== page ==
NASHVILLE, Tenn. — Investigators have not yet determined how a Ferris wheel seat flipped over at a Tennessee county fair, sending three children plummeting 30 to 45 feet to the ground. But the accident that left a 6-year-old girl with a traumatic brain injury sharpened the focus Tuesday on how carnival ride operators are regulated.

After a 2014 audit found shortcomings in Tennessee’s regulatory program for rides at fairs and amusement parks, state officials decided to get out of the inspection business altogether. Now, the state relies on private inspectors hired by operators and other states’ regulators to determine whether roller coasters, zip lines and Ferris wheels are safe.

Authorities said the three youngsters fell from the ride at the Greene County Fair in eastern Tennessee on Monday night.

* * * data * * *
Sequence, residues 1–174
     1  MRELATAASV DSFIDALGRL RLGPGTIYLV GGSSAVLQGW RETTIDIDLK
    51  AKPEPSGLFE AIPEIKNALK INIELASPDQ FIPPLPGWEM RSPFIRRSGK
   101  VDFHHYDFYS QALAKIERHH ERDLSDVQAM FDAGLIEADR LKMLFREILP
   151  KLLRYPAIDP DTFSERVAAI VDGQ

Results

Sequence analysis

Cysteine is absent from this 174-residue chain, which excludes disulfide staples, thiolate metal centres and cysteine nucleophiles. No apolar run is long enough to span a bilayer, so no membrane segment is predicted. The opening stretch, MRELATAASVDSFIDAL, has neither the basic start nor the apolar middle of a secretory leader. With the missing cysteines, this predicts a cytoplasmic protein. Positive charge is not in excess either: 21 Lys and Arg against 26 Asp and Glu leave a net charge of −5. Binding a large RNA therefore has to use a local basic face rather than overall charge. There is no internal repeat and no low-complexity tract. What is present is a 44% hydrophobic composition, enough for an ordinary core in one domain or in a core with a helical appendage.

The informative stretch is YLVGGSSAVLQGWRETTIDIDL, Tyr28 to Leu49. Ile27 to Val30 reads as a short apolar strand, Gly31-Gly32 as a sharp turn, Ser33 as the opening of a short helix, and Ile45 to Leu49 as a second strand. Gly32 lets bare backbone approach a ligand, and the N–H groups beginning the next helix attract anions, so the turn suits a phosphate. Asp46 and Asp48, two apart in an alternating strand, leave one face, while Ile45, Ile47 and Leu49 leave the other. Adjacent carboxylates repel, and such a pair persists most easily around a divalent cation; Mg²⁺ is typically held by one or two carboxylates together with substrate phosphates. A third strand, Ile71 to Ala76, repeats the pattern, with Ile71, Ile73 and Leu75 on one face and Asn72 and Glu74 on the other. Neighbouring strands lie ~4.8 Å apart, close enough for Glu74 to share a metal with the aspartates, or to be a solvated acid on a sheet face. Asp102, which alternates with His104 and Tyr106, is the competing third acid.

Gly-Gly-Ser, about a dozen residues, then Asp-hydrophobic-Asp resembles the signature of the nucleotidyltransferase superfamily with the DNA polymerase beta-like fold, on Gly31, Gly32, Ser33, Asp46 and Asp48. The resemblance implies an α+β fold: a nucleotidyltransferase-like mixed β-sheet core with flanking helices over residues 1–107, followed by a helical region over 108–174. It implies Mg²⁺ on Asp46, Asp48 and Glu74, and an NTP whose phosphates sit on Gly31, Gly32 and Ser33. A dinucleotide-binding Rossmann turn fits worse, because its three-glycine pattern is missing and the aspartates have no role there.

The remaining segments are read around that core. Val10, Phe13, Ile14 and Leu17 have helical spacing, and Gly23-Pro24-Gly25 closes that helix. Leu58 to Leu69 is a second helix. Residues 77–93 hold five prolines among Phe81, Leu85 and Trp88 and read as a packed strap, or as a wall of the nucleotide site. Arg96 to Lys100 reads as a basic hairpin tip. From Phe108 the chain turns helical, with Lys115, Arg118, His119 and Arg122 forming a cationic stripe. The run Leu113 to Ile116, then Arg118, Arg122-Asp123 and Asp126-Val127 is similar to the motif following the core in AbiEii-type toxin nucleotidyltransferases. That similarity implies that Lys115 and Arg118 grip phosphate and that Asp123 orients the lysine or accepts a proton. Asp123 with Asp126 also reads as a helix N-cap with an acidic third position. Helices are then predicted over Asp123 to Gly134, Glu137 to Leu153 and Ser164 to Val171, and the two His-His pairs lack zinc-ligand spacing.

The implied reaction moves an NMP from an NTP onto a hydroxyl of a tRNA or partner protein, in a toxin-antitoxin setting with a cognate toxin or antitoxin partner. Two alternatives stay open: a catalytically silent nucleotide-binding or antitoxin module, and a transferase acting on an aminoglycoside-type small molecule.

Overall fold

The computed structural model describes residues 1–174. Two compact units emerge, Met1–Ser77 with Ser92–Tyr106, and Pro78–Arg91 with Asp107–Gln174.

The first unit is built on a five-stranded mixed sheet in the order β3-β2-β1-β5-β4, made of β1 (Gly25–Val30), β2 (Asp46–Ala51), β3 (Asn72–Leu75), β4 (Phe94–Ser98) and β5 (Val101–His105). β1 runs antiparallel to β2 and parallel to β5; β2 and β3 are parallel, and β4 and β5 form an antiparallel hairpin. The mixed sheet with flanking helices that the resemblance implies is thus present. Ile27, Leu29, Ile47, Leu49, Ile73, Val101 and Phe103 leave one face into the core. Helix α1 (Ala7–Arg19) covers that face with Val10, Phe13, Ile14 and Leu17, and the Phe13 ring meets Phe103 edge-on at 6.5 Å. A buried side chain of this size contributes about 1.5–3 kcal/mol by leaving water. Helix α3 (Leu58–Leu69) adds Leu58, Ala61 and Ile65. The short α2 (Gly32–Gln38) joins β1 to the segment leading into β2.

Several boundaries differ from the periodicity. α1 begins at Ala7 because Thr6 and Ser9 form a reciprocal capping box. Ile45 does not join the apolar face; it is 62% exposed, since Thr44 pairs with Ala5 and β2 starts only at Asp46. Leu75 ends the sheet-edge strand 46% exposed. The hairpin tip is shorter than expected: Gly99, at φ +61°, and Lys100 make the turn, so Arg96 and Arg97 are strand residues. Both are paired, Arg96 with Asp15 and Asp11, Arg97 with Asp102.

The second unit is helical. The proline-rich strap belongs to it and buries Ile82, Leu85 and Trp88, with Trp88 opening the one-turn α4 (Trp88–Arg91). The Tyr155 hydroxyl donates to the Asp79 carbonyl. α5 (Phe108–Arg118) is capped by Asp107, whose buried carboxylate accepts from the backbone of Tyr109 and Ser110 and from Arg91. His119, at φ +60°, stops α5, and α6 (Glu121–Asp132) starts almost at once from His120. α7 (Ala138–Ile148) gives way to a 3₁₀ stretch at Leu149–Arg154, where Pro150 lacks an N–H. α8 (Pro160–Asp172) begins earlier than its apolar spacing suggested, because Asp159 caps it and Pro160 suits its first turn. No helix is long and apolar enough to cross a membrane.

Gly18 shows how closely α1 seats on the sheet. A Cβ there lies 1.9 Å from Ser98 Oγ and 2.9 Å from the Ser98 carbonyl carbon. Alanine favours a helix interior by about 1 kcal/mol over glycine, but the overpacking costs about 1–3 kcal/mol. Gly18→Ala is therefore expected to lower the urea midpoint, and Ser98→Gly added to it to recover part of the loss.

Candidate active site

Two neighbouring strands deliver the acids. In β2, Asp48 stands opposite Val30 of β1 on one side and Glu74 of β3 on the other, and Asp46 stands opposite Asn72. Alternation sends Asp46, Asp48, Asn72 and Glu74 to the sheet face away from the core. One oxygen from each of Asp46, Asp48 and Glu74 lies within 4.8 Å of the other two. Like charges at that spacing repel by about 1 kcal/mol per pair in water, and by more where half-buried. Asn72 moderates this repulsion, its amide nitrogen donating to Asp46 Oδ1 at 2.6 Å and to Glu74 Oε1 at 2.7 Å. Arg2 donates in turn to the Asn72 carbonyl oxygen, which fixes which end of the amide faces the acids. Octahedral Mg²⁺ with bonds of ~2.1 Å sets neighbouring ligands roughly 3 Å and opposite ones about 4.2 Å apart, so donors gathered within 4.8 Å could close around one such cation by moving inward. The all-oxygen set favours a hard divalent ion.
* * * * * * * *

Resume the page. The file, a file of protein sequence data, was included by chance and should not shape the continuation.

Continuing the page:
In a follow-up to the audit last year, the agency said Tennessee law does not require the state to hire its own inspectors. Funding for the Amusement Device Unit was requested for the budget year ending in June but was denied.

Lawmakers this year did approve nearly $490,000 to bolster the state’s Amusement Device Unit with five new employees. They are not inspectors but will be assigned to work on permitting and verification of compliance with inspection and insurance requirements. Within two years, those jobs are supposed to be paid for through program fees.

The Ferris wheel at the Greene County Fair was operated by Valdosta, Georgia-based Family Attractions.

Dr. Bracken Burns, director of trauma services for Johnson City Medical Center, said the critically injured 6-year-old was in a seat with her 10-year-old sister and a 16-year-old female, who were both in stable condition. Burns said the 10-year-old suffered injuries to her forearms. He said he couldn’t give out information on injuries that the 16-year-old suffered.